Professor Melissa Click, recently the face of the ugly left during the recent University of Missouri protests, has been notified by the Board of Curators that they’re terminating her employment there. Click, you may remember, was charged with assault when she confronted a student reporter and grabbed his camera while calling for “some muscle” to help her force him to leave. Interestingly, the Board of Curators also cited her actions at the Homecoming Parade a month before as grounds for dismissal as well. You can read the whole investigation here. So much for her tenure hearing … ain’t gonna happen. You can read the whole investigation and the letter for the Board here. I did last night. Very interesting. I can’t say she didn’t deserve what she got, and, frankly, it’s good to see bad actions ending up having consequences. Apparently she thought and admission and apology were sufficient. The Board did not.
Speaking of the SJWs, those at Brown University simply can’t get over the fact that they’re being required by professors to turn in class assignments on time after their activism has totally exhausted and drained them emotionally:
Liliana Sampedro, one of the students who compiled the diversity ultimatum, argued that refusal to grant such accommodations “has systemic effects on students of color,” who she said may sometimes feel obligated to prioritize their activist work over their studies.
“I remember emailing the professor and begging her to put things off another week … I hadn’t eaten. I hadn’t slept. I was exhausted, physically and emotionally,” Sampedro recalled. The professor nonetheless insisted that she submit a previously-assigned research presentation on time, which she claims forced her to stay up late to finish the project after having already spent hours working on the list of demands.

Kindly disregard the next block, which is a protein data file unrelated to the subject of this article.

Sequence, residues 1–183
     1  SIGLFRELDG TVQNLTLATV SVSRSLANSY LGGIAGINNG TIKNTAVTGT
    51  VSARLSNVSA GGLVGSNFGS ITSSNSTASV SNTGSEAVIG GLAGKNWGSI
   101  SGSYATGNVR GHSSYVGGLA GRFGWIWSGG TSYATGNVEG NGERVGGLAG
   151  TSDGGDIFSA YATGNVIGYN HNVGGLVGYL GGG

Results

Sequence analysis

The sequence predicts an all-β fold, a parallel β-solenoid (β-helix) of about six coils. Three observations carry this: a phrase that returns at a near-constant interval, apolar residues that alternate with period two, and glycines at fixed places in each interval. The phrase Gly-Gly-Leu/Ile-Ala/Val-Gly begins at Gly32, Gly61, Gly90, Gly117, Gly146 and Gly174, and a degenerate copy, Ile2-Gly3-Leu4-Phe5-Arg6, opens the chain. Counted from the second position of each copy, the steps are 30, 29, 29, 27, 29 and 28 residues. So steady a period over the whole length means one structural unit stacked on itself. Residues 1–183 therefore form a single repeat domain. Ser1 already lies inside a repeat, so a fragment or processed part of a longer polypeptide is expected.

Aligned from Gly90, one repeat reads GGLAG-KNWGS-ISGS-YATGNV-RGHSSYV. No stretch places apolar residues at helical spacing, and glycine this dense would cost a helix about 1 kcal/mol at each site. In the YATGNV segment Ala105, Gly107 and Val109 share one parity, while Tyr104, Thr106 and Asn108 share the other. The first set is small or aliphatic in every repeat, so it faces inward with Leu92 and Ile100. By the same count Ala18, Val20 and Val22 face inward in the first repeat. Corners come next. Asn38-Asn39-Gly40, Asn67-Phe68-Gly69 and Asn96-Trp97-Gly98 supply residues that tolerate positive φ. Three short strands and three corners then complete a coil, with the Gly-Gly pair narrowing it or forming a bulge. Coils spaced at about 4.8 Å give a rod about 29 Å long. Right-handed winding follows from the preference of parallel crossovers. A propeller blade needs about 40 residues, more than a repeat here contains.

Because that’s why they went to Brown – to “prioritize their activism work over their studies”. I know a bunch of folks at my college who “prioritized their partying over their studies” and they got no break from professors. All kidding aside – this is our special snowflakes getting just a inkling of what is in store for them when they finally leave the protection and “safe space” that is Brown.
Some leftists/SJWs are figuring it out:
Speaking of Fascism, there is also a disturbing trend on the left nowadays that involves rejecting free speech/freedom of expression as a core value, because that speech could possibly be hurtful to someone, somewhere. This is not only dangerous but it also works against us, because as leftists we are often labelled as threats by the state and at the very least, we are unpopular by society in general. Does this not mean that freedom of thought and expression are crucial to our struggles?
Of course, at this point, not enough of them are doing so and there’s no indication that this is really a trend, however, it’s hopeful. Read the whole thing.
Camile Paglia is a Bernie supporter, for one reason, because he is offering “free” college. But she is not a Hillary supporter in the least. And before she heads off on a riff about “free” college, she blasts the “establishment” Democrats in general and Hillary Clinton specifically (also taking a shot at the establishment media):
Democrats face a stark choice this year. A vote for the scandal-plagued Hillary is a resounding ratification of business as usual–the corrupt marriage of big money and machine politics, practiced by the Clintons with the zest of Boss Tweed, the gluttonous czar of New York’s ruthless Tammany Hall in the 1870s. What you also get with Hillary is a confused hawkish interventionism that has already dangerously destabilized North Africa and the Mideast. This is someone who declared her candidacy on April 12, 2015 via an email and slick video and then dragged her feet on making a formal statement of her presidential policies and goals until her pollsters had slapped together a crib list of what would push the right buttons. This isn’t leadership; it’s pandering.